Afghanistan’s Parliament Convenes, Marking Final Milestone
Amidst the excitement over the elections in Iraq and the furor over the NSA eavesdropping revelations, a major milestone has quietly passed in Afghanistan:
Afghanistan’s first democratically elected Parliament in more than 30 years convened today amid heavy security, and was sworn in before President Hamid Karzai, the former king, Muhammad Zaher Shah and foreign dignitaries, in a moment of national pride at the country’s success in emerging from decades of conflict. “This assembly is a sign of us regaining our honor,” President Karzai said in a speech to the 351 members of both upper and lower houses, cabinet members and guests. “This dear Afghanistan has risen again from the ashes,” he said, pausing to gain control of his emotions.
The vice president of the United States, Dick Cheney, and his wife, Lynne, were in the front row of guests to celebrate the occasion. Arriving after Mr. Karzai, their helicopter whipped up a blinding dust cloud that enveloped the National Assembly building and surrounding area. The main streets of the capital, Kabul, were closed to traffic to prevent any suicide bomb attacks, like the one on Friday that exploded just a few hundred yards from the refurbished Parliament building.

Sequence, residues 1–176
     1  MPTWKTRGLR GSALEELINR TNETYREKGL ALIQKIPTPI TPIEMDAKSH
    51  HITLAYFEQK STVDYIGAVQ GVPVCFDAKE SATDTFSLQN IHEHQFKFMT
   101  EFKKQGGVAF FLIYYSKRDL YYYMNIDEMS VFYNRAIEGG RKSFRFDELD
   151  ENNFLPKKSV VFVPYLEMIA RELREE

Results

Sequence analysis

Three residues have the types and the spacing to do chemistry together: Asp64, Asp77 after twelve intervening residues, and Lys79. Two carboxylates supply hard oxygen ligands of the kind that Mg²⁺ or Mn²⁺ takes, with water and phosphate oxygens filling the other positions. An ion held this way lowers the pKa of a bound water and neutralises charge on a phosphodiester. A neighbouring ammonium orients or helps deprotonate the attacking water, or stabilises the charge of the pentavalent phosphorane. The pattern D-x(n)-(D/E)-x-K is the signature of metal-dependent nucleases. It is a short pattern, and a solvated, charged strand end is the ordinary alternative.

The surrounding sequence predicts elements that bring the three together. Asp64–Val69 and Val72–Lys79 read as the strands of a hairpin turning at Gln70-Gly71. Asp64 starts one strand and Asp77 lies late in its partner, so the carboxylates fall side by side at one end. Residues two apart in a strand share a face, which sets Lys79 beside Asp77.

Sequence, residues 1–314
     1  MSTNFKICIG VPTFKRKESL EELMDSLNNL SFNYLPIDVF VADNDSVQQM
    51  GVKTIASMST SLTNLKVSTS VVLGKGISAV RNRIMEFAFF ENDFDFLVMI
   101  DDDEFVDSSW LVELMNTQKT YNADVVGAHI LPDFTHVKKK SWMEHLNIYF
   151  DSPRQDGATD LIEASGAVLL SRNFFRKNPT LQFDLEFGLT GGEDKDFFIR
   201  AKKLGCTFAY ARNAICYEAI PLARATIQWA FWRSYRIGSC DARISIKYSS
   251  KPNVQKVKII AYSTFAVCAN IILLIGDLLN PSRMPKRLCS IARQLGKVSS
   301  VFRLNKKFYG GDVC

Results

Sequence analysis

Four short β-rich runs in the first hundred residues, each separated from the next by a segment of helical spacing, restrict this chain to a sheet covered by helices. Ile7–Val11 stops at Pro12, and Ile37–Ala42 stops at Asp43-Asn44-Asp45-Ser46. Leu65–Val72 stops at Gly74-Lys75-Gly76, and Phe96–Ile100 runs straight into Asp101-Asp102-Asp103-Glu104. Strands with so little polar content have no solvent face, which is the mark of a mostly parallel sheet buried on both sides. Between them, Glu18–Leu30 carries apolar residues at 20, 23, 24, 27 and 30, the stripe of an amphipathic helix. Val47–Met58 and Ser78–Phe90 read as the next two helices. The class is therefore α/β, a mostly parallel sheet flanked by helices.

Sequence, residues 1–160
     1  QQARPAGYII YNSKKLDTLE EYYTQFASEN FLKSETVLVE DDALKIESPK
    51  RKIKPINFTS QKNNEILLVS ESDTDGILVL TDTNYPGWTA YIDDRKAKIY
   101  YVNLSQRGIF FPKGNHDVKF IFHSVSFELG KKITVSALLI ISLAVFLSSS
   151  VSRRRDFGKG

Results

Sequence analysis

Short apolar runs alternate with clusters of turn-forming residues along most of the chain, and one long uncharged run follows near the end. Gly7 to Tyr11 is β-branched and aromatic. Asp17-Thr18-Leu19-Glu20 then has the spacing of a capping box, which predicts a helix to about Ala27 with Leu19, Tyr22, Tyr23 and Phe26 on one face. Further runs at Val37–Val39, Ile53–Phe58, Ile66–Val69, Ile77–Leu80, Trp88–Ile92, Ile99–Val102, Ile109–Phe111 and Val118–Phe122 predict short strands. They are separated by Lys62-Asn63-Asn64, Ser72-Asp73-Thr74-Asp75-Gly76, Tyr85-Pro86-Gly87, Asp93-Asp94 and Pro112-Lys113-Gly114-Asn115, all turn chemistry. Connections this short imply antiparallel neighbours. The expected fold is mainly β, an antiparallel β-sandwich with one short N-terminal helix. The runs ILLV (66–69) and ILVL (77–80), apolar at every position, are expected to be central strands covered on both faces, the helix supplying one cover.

The establishment of two houses of Parliament represents the last milestone set under the United Nations-sponsored Bonn Accords in December 2001 after the fall of the Taliban government, and was hailed by the president and legislators as an important step forward for the country.
In December 2001–and certainly on September 11, 2001–the idea of a democratic Afghanistan bordered on fantasy. A remarkable achievement, indeed.